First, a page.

A Look At Jazz

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July 26, 2012 by dontbringlulubook

It is fitting that when writing an article on such a varied musical style as Jazz, one that originated at the beginning of the twentieth century in the black communities in the Southern United States and has since developed and spread around the world, drawing on many different national, regional and local musical cultures to produce many distinctive styles, that it is the first year anniversary of the death of a modern day Jazz musician, Amy Winehouse.



Spanning one hundred years, Jazz can be very hard to define; improvisation is definitely one of its key elements, for in Jazz the skilled performer will interpret a tune in very individual ways, never playing the same composition exactly the same way twice. Like Amy, Ron and Doris Onions had been jazz enthusiasts since they met in their teens and whereas Amy drew upon the jazz influences she had grown up with to make her own music, Ron and Doris, as they describe in their book “Don’t Bring Lulu”, attended many a jazz festival to satisfy their love of the music genre, such as the Newport Jazz Festival at Festival Field in 1970 where Louis Armstrong topped the bill, only a year before his death, and although not well enough to play the trumpet he did sing a selection of his hits and was serenaded by half a dozen distinguished trumpeters, led by Dizzy Gillespie.  They were also frequent visitors when living in France to the major Jazz Festivals such as those at Juan-les-Pins on the coast and at Cimez, up in the hills above Nice.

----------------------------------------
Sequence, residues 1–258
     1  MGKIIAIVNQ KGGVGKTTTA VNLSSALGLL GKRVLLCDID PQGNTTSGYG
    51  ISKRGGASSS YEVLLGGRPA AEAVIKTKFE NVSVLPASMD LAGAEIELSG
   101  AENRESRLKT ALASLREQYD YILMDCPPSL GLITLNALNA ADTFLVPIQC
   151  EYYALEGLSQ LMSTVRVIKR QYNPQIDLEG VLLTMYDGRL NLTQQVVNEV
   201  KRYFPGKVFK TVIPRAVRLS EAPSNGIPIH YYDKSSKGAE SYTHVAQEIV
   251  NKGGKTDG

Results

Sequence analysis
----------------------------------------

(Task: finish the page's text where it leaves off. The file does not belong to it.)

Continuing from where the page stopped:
When Ron got the opportunity to go back and work in radio at the initial stages of the birth of Jazz FM, he said yes despite his reservations, as being a Jazz enthusiast since he was 14 years of age meant he had high hopes that he would now be in a job where every day would be like Christmas.  Sadly, it was to prove one of the unhappiest periods of his life due to others’ inexperience, poor management, bad recruiting decisions, new computer systems and the struggle to keep happy the Jazz purists and the modern day popular Jazz listeners.  The aim was to broadcast a programme schedule that balanced the various styles of Jazz that had existed since its birth at the beginning of the twentieth century such as Swing, Blues, Duke Ellington’s Orchestra, Bebop, Modal Jazz, Free Jazz, Latin Jazz, Afro-Cuban Jazz Renaissance, Soul Jazz, Jazz Fusion, Jazz Funk, Smooth Jazz and Acid Jazz but in the Jazz world, one man’s meat is another man’s poison.  Despite the frustrating year, he still managed to air a 26 part history of Jazz by Charles Fox, a 16 part Duke Ellington retrospective, major jazz concerts from around the world, plus record review panels and personal choices by distinguished critics.

But as the trombonist J. J. Johnson said in an interview in 1988, “Jazz is restless. It won’t stay put and it never will”. And it is that restlessness that makes jazz such an exciting and varied genre of music to be part of.


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